Oh, and it has to be built within 1 mile of the 8 Washington site in accordance with the Inclusionary Housing Ordinance. This would be is located in one of the fanciest neighborhoods in the City with NO affordable housing. Does Mr. Redmond also object to THIS kind of housing being built??

Perserving a surface parking lot on valuable public land is economically equivalent to the people of SF subsidizing the members of a private swimming and tennis club. So much for social justice!!

Posted by Guest on May. 28, 2013 @ 2:08 pm

>"Does Mr. Redmond also object to THIS kind of housing being built??"

Sadly, yes, because it would require housing for wealthy people to fund it.

BTW, the 8 Washington $11 million dollars is hardly the first BMR funding that Tim has sneered at. There was 555 Washington which was $13 million. $11 million here, $13 million there...starts to add up.

I'm sure that Tim thinks that the BMR housing funds would be nice, but the cost of having housing for the rich is just too high a price to pay to help the BMR families.

Posted by Troll on May. 28, 2013 @ 2:41 pm

He owns in Bernal Heights. The name of the game now is making sure no one else gets any - or if they do they fellate the flaccid organ of Non Profit Inc or city government to get some.

Posted by Lucretia Snapples on May. 28, 2013 @ 3:23 pm

Is that you?

Posted by admin on May. 28, 2013 @ 3:28 pm

victory than just getting him to leave. It shows he lives in fear of criticism.

Posted by Ed on May. 28, 2013 @ 3:40 pm

It's not. Did Marcos ever post under another name?

Posted by Lucretia Snapples on May. 28, 2013 @ 3:44 pm

If that was the best that the opponents can do then 8 Washington will be a great addition to the city.

The part about open space? Yes, some of it will be restricted to residents but every inch of public open space is one more inch than what we have now. The place is literally walled off right now. The only plan to open it up is 8 Washington.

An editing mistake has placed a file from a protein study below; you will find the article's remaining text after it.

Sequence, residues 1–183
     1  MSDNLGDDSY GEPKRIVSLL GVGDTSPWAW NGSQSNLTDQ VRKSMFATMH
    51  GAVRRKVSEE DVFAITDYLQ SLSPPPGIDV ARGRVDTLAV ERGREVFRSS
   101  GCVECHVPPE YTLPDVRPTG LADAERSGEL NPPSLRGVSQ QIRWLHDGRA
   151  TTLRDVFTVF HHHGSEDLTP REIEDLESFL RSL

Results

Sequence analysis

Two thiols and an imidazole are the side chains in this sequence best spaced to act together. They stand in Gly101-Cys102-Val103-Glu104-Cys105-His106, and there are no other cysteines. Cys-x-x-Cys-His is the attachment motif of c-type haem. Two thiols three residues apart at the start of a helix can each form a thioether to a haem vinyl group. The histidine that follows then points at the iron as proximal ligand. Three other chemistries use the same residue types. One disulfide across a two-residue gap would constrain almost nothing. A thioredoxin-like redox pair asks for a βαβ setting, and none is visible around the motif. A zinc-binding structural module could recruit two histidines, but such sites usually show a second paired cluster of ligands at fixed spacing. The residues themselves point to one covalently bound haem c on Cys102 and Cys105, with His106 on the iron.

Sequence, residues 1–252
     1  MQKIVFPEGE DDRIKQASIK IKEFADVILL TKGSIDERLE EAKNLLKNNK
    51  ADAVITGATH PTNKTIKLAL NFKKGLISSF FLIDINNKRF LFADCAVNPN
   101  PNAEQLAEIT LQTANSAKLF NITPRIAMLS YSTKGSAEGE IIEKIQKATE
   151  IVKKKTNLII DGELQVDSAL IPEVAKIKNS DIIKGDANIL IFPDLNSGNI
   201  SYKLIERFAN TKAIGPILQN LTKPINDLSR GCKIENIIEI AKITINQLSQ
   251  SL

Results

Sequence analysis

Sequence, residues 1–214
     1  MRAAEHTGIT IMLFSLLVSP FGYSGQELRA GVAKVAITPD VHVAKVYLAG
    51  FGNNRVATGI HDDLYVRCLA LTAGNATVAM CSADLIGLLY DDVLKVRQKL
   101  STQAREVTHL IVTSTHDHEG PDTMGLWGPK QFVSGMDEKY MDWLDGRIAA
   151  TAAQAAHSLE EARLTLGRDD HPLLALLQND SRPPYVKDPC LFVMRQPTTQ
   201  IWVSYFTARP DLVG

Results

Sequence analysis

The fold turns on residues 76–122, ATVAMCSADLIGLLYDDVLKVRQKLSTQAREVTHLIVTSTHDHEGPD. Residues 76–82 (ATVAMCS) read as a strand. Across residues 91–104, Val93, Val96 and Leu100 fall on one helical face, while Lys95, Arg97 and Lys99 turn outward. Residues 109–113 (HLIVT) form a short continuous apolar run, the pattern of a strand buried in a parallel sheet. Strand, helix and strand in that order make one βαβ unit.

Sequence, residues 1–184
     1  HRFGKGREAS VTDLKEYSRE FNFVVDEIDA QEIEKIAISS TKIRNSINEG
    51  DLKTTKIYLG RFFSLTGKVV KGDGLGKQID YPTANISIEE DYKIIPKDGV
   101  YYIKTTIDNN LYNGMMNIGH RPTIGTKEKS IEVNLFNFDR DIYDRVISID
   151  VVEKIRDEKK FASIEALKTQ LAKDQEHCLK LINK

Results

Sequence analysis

And Jacobs' also makes the really weak statement that there will be no affordable housing on site, as if it would it make sense to put the affordable across the street from the Ferry Building. Hence the in lieu $11 million that the city can use more effectively. I've noticed that THD really loves to use this deception. Lame.

And the height comparison to the Embarcadero freeway? How about the more relevant height comparison to the 25 story building across the street from 8 Washington. That one actually exists.

I can understand why Tim likes the letter but on the merits it is really weak.

Posted by Troll on May. 28, 2013 @ 12:40 pm

Yes, all fair points.

I think most people under the age of 30-35 feel that SF needs all the housing it can get, that height restrictions are increasing rents dramatically, and that the cities convoluted approval process makes only wealthy housing worth pursuing for developers.

This project is case in point. This project should have been built when it was approved by the City, the fact that an entire ballot initiative is being put forward, consuming massive amounts of civic time and money, to decide the fate of a single project, just speaks to how far off the deep end we have gone.

How does anyone expect a developer to try to build affordable housing in the Mission when at every turn someone is going to raise an environmental review, or stall the process for years? Who would invest the time and money into that process when the goal was to be cheaper housing for people?